In tough economic times, small-business owners find it more difficult to access loans for their businesses. But there are still funds available, and banks still want to make loans – they make their money from lending money. The key is how much risk the banker sees when evaluating you and your business.
If you are seeking a bank loan for your small business, there are two important steps you can take to improve your chances for success: Learn what bankers are looking for so you are prepared before you approach the bank, and learn more about funding assistance available through the U.S. Small Business Administration.
Bankers want to make loans to businesses they think will have future success, enabling the small-business owner to pay back the loan. One major indication of how likely that would be is the owner’s management experience and track record.
A small-business owner who has several years of experience running the business and can show profitability through past financial statements presents a lower risk in the eyes of the banker. This is one reason why it is more difficult to obtain a loan to start a business, particularly when the economy is hurting and bankers are being more cautious.
Another indication of future success is a well-researched business plan with realistic financial projections. The narrative portion of the business plan discusses the business’ products and services, target market, competition, marketing plan, operations, management and personnel needs.
For the financial portion of the business plan, there should be at least two years of income statement projections and cash-flow projections, laid out by month to show the monthly cash position and ability to repay the loan.
The business owner’s loan repayment history is a leading indicator of the owner’s ability and willingness to repay the loan. A good credit score reduces the risk to the banker that the borrower will not pay the loan back. This credit score has become even more important in today’s financial climate.
“Bankers are being more cautious now. One major difference we are seeing is that banks want to see higher credit scores for small-business owners. Whereas they once looked favorably at scores of around 650 and above, now we see that they like to have scores of 700 or more,” said Tony O’Reilly, president of the Small Business Assistance Corp., a local nonprofit Certified Development Company licensed by the SBA to handle SBA loans.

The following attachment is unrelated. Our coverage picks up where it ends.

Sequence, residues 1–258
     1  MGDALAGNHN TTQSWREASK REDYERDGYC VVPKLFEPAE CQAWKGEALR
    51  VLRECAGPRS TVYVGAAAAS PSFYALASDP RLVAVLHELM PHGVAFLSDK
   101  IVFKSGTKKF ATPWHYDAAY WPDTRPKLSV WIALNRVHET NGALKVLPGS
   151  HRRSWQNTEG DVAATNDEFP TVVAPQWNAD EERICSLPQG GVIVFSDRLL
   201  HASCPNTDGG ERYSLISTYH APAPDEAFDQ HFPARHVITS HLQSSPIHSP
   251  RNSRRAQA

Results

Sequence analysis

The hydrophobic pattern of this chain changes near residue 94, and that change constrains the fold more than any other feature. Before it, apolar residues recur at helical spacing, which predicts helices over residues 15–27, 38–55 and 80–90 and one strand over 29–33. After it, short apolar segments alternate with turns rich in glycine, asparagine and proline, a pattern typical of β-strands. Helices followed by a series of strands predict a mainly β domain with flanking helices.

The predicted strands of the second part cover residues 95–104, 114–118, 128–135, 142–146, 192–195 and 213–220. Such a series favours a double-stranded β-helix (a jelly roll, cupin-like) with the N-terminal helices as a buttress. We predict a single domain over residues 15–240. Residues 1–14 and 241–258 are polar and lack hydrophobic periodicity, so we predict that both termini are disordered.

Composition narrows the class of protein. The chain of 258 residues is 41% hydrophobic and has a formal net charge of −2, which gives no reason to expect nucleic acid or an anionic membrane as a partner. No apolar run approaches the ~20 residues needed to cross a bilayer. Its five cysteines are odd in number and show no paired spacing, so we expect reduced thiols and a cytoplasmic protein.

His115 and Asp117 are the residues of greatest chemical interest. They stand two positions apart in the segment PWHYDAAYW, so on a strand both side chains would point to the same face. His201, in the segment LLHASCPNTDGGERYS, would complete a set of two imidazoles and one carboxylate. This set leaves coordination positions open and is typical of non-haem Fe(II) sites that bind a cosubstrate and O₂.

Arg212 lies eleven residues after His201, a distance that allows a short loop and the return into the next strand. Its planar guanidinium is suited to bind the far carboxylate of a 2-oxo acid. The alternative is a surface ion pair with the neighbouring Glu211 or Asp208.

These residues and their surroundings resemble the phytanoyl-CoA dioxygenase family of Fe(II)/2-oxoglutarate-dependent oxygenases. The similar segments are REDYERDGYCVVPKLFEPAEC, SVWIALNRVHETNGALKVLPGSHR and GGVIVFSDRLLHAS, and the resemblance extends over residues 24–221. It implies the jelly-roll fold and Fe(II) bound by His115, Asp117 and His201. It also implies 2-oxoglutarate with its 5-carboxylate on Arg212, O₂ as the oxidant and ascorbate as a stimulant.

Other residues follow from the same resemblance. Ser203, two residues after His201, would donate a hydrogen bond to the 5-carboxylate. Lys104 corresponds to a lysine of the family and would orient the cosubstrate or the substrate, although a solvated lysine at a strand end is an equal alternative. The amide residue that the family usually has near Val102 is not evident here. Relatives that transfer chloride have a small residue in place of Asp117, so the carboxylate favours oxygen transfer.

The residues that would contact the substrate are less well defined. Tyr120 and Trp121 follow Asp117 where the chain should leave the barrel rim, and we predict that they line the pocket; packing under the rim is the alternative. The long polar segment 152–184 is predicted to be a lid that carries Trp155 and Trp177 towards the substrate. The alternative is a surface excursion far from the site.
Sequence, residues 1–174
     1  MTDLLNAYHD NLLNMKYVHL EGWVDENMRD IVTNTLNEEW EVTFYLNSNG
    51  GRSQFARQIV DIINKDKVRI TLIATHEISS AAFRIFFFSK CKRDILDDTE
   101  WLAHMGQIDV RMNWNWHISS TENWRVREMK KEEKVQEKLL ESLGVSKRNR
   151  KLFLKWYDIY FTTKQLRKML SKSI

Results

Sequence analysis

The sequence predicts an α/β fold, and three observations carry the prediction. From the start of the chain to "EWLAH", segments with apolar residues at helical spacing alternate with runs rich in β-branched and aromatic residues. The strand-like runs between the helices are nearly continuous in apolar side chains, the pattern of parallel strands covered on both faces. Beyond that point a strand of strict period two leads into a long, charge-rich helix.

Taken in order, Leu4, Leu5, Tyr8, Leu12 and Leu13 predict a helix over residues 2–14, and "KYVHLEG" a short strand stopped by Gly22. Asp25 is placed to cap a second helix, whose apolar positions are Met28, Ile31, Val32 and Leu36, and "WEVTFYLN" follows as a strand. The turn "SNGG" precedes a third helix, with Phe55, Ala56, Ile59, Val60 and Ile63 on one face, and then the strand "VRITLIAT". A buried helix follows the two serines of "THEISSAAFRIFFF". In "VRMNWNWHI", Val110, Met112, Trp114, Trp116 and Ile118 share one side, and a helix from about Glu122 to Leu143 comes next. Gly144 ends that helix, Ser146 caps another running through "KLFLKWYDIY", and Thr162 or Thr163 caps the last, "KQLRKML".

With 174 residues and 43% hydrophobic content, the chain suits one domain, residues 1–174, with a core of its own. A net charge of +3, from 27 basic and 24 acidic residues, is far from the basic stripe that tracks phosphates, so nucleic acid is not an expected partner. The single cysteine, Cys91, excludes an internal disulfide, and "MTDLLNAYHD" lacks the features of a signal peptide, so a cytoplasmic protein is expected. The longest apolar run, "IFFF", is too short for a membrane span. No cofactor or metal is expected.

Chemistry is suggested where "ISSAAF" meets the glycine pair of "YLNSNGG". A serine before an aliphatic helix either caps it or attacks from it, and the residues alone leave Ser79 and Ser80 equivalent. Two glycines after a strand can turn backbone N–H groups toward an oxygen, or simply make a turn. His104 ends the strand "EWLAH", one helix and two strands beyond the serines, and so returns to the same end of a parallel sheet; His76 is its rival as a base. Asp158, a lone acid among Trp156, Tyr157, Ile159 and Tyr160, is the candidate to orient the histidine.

“There is still money available for small-business owners to borrow, especially with SBA involvement, but they need to be prepared to show credit worthiness. And, as in the past, bankers still look for solid management experience and an excellent business plan,” he added.
Bankers do not like to take on the entire risk of a project through 100 percent financing. For example, if you are planning to expand your business by purchasing additional equipment or buying a building, the bank would require you to come up with a portion of the money needed. This requirement is typically anywhere from 10 percent to 25 percent.
While the banker’s first concern is to make a solid loan that is very likely to be paid back, the possibility of nonpayment must be considered. This is why bankers require small-business owners to pledge collateral as security for the loan.
The reality is that collateral answers the question, “What can the bank take from you and sell if you don’t pay the loan back?” Bankers don’t want to have to do that; they want you to be successful and therefore be able to pay back the loan. But they need to reduce their risk by having access to assets they can use to recover their loss if you don’t pay.
Therefore you must be prepared to offer collateral to the banker, and often this will involve risking your home, which many people are not willing to do. But if you are not confident enough and willing to risk your home, why should the banker take a risk on you and your business?
Sometimes when a banker evaluates a small-business loan, it is determined that the loan is just too risky to proceed, and this is especially true in the current lending environment. However, the banker’s risk can be greatly reduced if the SBA becomes involved, making the loan much more attractive to the banker.
But be aware that while the SBA exists to help small businesses, it does have its own standards and requirements by which it evaluates risk, including credit score and collateral. It doesn’t want to make bad loans that waste taxpayer money.
You will greatly improve your chances of success if you make sure you are thoroughly prepared to meet with your banker, including educating yourself concerning SBA loan programs and requirements so you can consider the SBA as part of your overall funding strategy.
“We have noticed that bankers in all of our markets are more cautious than in years past and that no deal is a ‘sure thing’ anymore,” said Wendy Jeffers, loan officer with the Coastal Area District Development Authority, another local nonprofit Certified Development Company also licensed by the SBA to handle SBA loans.
“Cash flow is still king, but the borrower must also offer equity in properly margined collateral, an excellent credit repayment history, and a sound business plan going forward in order for most lenders to commit to new funding,” she said.
“With that in mind, CADDA (through the SBA) offers excellent financing alternatives for banks and borrowers seeking ways to fund new projects. We suggest that small-business owners research alternative financing like CADDA/SBA with their banker before making long-term decisions.”
Connie Edwards is a business consultant with the University of Georgia’s Small Business Development Center. Contact her at 651-3200.